The Sun rises in the east and sets in the west each and every day like clockwork. Seasons take their place, in order, each and every year without fail. Seeds send forth shoots and trees blossom and bear fruit. Gravity continues day in and day out. Water falls from the sky, pooling upon the earth. Then, nearly imperceptibly, it vanishes into thin air, only to return again and again. Oceans roar the coming of the tides, only to shrink back a few hours later what was so forcefully pronounced, readying themselves for the next surge.

Though the human world is bent on change, even glorifying it for its own sake, God has provided stability in the chaos, a strong tower in the whirlwind. Though there be more, one great message I take from the constancy of creation echoes in the whisper of God’s own voice to us:

“… since the creation of the world His invisible attributes, His eternal power and divine nature, have been clearly seen, being understood through what has been made …” (Romans 1:20).

Nature demonstrates His nature, consistent and reliable, upon which we can depend. The very earth upon which we live, move, and breathe testifies at all times. Jesus is the Author and Perfecter of faith (Hebrews 12:2) and we fear not because the Sun rises each day, water falls from the sky and is taken up again, and the ground brings forth fruit in season, reminding us that the Maker of all things is true to His word. Hills speak, “God is our Rock,” and mountains proclaim, “Yahweh is our Firm Foundation.” Oceans roar, “Jesus is our Strong Tower!” The wind cries “Faithful and True!” and the heavens declare the glory of our great God!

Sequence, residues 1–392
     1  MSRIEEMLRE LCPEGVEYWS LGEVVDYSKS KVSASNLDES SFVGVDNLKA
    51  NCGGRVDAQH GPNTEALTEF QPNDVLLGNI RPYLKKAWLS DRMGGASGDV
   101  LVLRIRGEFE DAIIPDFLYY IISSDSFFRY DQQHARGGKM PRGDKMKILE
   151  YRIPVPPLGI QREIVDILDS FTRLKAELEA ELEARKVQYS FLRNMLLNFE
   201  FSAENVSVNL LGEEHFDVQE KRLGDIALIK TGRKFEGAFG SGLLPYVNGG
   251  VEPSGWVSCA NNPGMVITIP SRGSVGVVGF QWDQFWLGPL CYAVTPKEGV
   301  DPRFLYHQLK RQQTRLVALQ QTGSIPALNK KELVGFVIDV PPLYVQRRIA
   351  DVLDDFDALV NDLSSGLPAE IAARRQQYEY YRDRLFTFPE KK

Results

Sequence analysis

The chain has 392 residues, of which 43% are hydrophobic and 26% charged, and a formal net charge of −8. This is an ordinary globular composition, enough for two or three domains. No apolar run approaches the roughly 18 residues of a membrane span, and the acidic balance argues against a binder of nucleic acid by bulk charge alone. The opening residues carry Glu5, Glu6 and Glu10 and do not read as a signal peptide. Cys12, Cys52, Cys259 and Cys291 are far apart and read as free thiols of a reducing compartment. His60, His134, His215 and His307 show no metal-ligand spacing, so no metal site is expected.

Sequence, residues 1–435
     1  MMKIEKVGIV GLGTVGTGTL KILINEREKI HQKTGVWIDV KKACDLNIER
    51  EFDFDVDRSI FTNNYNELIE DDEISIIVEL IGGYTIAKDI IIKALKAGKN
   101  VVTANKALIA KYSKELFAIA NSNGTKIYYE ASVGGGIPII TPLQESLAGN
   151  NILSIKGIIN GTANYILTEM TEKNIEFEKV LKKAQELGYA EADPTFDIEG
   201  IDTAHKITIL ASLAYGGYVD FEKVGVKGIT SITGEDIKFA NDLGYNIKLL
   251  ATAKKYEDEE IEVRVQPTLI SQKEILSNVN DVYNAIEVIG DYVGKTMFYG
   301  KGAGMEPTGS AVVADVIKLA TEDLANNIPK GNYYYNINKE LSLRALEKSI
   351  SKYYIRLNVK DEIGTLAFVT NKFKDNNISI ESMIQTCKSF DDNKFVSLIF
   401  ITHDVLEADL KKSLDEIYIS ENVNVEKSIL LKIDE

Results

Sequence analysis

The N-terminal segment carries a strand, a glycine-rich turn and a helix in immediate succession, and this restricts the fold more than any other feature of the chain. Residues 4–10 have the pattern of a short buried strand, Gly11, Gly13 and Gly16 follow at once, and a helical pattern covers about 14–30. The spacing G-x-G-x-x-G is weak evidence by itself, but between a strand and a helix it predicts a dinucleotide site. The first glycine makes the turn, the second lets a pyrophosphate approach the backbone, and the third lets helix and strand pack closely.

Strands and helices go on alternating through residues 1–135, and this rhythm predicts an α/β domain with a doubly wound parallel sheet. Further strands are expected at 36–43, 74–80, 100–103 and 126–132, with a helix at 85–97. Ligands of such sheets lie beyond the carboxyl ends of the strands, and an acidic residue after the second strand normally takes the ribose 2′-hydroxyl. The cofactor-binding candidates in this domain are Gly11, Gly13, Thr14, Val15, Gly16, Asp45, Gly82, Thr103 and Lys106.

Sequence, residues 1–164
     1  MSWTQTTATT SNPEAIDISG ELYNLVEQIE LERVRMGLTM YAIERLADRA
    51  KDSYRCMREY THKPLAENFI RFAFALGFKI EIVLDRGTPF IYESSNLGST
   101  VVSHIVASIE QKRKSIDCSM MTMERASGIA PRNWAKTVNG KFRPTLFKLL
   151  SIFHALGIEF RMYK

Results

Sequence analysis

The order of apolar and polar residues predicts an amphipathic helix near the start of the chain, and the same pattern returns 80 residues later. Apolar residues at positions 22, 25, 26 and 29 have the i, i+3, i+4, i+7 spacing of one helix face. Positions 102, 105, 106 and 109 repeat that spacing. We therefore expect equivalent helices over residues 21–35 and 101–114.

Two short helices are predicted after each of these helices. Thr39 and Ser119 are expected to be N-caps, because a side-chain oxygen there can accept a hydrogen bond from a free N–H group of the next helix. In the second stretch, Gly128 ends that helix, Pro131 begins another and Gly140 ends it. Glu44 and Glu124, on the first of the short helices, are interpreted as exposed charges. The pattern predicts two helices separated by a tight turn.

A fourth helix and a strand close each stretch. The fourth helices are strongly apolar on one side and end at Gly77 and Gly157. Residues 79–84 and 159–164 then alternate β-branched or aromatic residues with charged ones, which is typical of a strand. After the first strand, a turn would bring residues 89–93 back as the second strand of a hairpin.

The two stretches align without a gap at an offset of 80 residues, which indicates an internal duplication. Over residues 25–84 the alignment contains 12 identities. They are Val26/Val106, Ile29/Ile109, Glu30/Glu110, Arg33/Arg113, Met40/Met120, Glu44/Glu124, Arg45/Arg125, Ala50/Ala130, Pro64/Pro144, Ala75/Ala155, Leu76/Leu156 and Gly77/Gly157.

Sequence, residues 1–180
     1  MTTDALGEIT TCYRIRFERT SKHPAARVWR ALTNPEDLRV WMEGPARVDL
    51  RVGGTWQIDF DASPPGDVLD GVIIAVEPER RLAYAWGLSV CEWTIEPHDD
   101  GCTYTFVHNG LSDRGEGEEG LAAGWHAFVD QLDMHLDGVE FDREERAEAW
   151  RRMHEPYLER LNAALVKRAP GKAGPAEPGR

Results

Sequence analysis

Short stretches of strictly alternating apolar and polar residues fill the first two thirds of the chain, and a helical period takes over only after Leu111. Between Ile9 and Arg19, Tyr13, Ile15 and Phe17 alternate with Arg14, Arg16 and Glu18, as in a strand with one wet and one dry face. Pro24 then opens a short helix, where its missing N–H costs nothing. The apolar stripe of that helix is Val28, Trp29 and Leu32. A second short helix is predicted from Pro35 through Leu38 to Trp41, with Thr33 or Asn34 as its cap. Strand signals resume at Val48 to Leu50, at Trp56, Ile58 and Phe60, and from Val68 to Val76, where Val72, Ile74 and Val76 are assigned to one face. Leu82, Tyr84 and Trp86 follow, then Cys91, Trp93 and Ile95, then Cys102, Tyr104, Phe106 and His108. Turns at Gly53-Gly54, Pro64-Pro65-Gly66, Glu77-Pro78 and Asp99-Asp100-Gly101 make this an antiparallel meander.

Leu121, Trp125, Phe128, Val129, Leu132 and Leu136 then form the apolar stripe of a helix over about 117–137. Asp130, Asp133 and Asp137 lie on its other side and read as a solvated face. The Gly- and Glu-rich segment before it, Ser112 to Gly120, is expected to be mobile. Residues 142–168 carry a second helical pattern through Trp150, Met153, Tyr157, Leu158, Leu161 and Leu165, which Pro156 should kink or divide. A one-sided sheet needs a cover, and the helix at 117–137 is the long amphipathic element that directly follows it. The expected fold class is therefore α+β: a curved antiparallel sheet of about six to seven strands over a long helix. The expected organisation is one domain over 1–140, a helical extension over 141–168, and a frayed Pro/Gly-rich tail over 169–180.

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God Is There in the Little Things

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By Jim DeAngelo

Our grandson Elijah has been without work for several months and, as is typical of grandparents, we (Sandra and I) have started to get concerned about his future and job prospects. With this as background, Sandra took Elijah out to dinner to Black Angus here in Puyallup to have an opportunity to spend some time with him the same evening Ralph Webb and I returned from a fishing trip to Montana (and yes, the trip was great fun and we did catch some fish).

During the evening meal, they discussed what Elijah wanted to do for a job and his desire to work in a restaurant. When the meal was completed and they were walking out to the car, Sandra reminded Elijah about getting an application. Elijah returned to the restaurant, talked with the manager, and got an application. When they returned from the restaurant, Elijah completed the application and Sandra prayed with Elijah that the Lord would bless the job application and that, if it was His will, Elijah would get what God wanted. Elijah dropped off the application later that evening.

Elijah did receive an invitation to interview, which he did, though he had some concerns on how it all went. Elijah called me on Monday and informed me that he had received and accepted a job offer for the position he had wanted. I shouted “Praise God for answered prayer!” Elijah was very excited, as he had been applying at fast food restaurants, which are not as good an opportunity.

I love how we can take all things to God in prayer. Psalm 116:1 says, “I love Jehovah because He hears my voice and my prayers.” 1 Thessalonians 5:17 says to “pray without ceasing.” I know that God is intimately involved in our lives. Jesus says in Matthew 6:8 that “your Father knows what things you have need of, before you ask Him.” We find it helpful to meditate on God’s goodness to us and how we can always rely on Him in the big things of life as well as the little things. We find that when we take the little things to God in prayer and see Him working in our lives, when those big things come, we have increased faith in His response, because He is always faithful, even in the little things of life.